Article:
My Family History Helped Me To Learn How To Deal With My Anxiety

My Family History Helped Me To Learn How To Deal With My Anxiety

The taboo words from 1955-2018.

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Mental health has been brought up in recent years more than it ever has been.

This increase in conversation can be attributed in part to the unfortunate rise in gun violence and shootings and in part to the current administration (both federal and state) drastically cutting back on resources. This has led to the same neglectful rhetoric from the opposition this country has been hearing for years.

For example, I distantly remember having a conversation with my granddaddy about my granny who suffered from bipolar disorder and schizophrenia.

When he first tried to get her help back in 1955 in rural Mississippi, the doctors told him she was simply crazy. The doctors checked her into the county mental hospital where the doctors elected to perform electroshock therapy. By this point, she was just diagnosed as crazy, and she endured electrocution.

From what I have been told, there were experiments, and like anyone would, she checked herself out of the hospital, promising to take her medication. She did not look back until 2010 when she was officially diagnosed with bipolar and schizophrenia disorders.

She realized she was sick and, with my aunt and uncle's support, got help so she could be the granny we always knew she was capable of being. To put this in perspective, for 63 years she struggled—partly because of her own stubbornness, illness, lack of insurance and fear of what might happen if she ever got help.

To this day, a lot of places still do not like talking about mental health.

In my family, it is taboo. The number of times I have been told to just calm down during an anxiety attack or get over myself when I have a depressive episode are endless.

Most of the time, the people who say these hurtful things do not understand we have already said these things to ourselves. Those specific phrases include: “You’re being over-dramatic,” “Stop being so stupid,” “You are acting like a child,” and “You’re such a burden.”

It is an everyday constant struggle that requires a lot of mental effort and work to cope with. One of the biggest things that has helped me is having a great support system. They themselves have experienced mental health problems or have had someone very close to them experience mental illness. For others, this is not the case.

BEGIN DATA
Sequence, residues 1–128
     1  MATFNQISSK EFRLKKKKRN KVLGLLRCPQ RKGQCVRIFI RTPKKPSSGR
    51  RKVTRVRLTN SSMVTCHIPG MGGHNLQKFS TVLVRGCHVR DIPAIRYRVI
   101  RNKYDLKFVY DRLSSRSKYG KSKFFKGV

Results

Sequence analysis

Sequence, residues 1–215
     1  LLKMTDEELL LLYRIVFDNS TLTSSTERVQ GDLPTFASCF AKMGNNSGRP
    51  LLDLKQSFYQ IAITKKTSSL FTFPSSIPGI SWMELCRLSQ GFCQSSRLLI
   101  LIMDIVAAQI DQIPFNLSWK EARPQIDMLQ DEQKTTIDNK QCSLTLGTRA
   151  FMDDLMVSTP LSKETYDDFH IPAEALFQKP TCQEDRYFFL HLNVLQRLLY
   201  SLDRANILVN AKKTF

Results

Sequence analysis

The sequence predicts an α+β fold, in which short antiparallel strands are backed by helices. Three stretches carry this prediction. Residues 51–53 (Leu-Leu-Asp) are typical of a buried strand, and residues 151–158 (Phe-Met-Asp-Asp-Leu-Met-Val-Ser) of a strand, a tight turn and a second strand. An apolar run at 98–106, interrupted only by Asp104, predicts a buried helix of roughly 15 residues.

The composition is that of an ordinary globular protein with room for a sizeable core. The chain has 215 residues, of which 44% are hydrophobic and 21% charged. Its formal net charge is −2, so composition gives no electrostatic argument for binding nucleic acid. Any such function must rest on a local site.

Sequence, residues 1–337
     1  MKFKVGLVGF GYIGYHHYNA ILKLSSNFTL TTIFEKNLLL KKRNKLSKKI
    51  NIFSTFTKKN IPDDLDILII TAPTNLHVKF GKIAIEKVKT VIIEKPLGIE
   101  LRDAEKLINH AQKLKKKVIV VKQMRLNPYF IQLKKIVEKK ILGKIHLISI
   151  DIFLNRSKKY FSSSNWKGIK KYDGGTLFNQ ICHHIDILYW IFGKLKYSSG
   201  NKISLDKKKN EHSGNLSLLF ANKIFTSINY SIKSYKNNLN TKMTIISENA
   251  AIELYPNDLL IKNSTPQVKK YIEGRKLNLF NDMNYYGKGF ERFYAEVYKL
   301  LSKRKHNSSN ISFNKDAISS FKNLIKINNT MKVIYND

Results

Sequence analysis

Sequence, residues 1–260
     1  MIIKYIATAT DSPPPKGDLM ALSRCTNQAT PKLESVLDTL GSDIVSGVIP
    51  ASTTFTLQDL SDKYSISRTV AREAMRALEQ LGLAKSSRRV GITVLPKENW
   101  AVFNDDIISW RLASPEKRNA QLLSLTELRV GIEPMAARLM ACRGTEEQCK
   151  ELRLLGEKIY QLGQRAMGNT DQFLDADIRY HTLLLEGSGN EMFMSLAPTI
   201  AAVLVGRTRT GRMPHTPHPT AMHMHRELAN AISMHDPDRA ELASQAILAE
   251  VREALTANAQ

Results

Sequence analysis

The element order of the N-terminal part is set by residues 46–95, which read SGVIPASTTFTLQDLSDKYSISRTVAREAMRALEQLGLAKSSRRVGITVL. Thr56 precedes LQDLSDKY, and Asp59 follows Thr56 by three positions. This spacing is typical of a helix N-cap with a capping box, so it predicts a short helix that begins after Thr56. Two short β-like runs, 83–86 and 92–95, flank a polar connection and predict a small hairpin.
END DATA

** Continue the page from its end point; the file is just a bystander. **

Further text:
We live in a world that operates by the dollar of the premium on the insurance policy and if the therapist or psychiatrist wants to take your case. Most people in today’s world cannot afford insurance, especially not insurance that extends to mental health.

Then, if your psychiatrist prescribes medication, you have to worry about how much insurance will pick up or if you are one of the 3.2 million people in the country who do not have insurance and will be paying full price out of pocket for medications that they must take to help with different disorders.

When the average person makes $10 or less an hour, it is just not feasible. For some people, it is choosing between rent or medication, medication or the psychiatrist visit itself, the visit or food, food or the medication—and these are just some of the many variables patients must choose from. Most people want to get help, but they just cannot afford it.

Then there are other cases such as mine in which I am very lucky to have insurance (which I completely understand is a luxury), but because of my anxiety, it is a struggle to even make the call to see if a psychiatrist will take me on as a patient. It is the fear of rejection and judgement that scares the crap out of me. It is having to explain why I want to see a psychiatrist repeatedly to even get a freaking referral to see the psychiatrist I need in the first place. It is a mental jungle gym that most of the time I don’t have the mental energy to give to.

Maybe one day I will get to the point where I can go through the jungle gym, or my insurance will change, and it won’t be too bad, but right now I’m finding other coping mechanisms until that day comes.

It is ignorant to say that therapy in the traditional form is for everyone because every person is very different. I know many people for whom this method works, which is great. This method worked for my aunt and, later in life, my granny.

The main thing is knowing your coping mechanism. This is crucial and can’t be ignored. If it does go ignored, people spiral.

For a lot of people, video games work. For others, writing.

For me, I throw myself into work and the power of writing. Finding salvation from my anxiety includes NCIS, writing, work and my support system.

Hopefully, if therapy is not an option, you have a coping mechanism. If not, explore your options because there are so many out there, and hopefully, one day, you just might find one.

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